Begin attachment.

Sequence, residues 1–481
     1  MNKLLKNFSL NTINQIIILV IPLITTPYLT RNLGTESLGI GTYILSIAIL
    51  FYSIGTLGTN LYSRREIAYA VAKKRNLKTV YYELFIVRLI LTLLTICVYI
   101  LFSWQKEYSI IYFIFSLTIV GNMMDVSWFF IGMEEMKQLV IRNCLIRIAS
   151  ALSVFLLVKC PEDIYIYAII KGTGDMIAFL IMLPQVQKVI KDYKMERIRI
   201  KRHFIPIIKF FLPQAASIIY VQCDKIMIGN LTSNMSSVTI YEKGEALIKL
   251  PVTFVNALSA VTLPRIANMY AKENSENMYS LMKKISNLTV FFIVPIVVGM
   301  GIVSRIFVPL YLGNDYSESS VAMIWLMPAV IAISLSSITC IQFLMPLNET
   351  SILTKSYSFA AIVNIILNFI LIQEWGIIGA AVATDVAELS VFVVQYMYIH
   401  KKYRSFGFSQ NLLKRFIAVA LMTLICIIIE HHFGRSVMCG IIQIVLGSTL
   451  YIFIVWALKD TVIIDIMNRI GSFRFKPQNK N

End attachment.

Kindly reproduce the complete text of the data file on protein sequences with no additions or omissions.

Sequence, residues 1–481
     1  MNKLLKNFSL NTINQIIILV IPLITTPYLT RNLGTESLGI GTYILSIAIL
    51  FYSIGTLGTN LYSRREIAYA VAKKRNLKTV YYELFIVRLI LTLLTICVYI
   101  LFSWQKEYSI IYFIFSLTIV GNMMDVSWFF IGMEEMKQLV IRNCLIRIAS
   151  ALSVFLLVKC PEDIYIYAII KGTGDMIAFL IMLPQVQKVI KDYKMERIRI
   201  KRHFIPIIKF FLPQAASIIY VQCDKIMIGN LTSNMSSVTI YEKGEALIKL
   251  PVTFVNALSA VTLPRIANMY AKENSENMYS LMKKISNLTV FFIVPIVVGM
   301  GIVSRIFVPL YLGNDYSESS VAMIWLMPAV IAISLSSITC IQFLMPLNET
   351  SILTKSYSFA AIVNIILNFI LIQEWGIIGA AVATDVAELS VFVVQYMYIH
   401  KKYRSFGFSQ NLLKRFIAVA LMTLICIIIE HHFGRSVMCG IIQIVLGSTL
   451  YIFIVWALKD TVIIDIMNRI GSFRFKPQNK N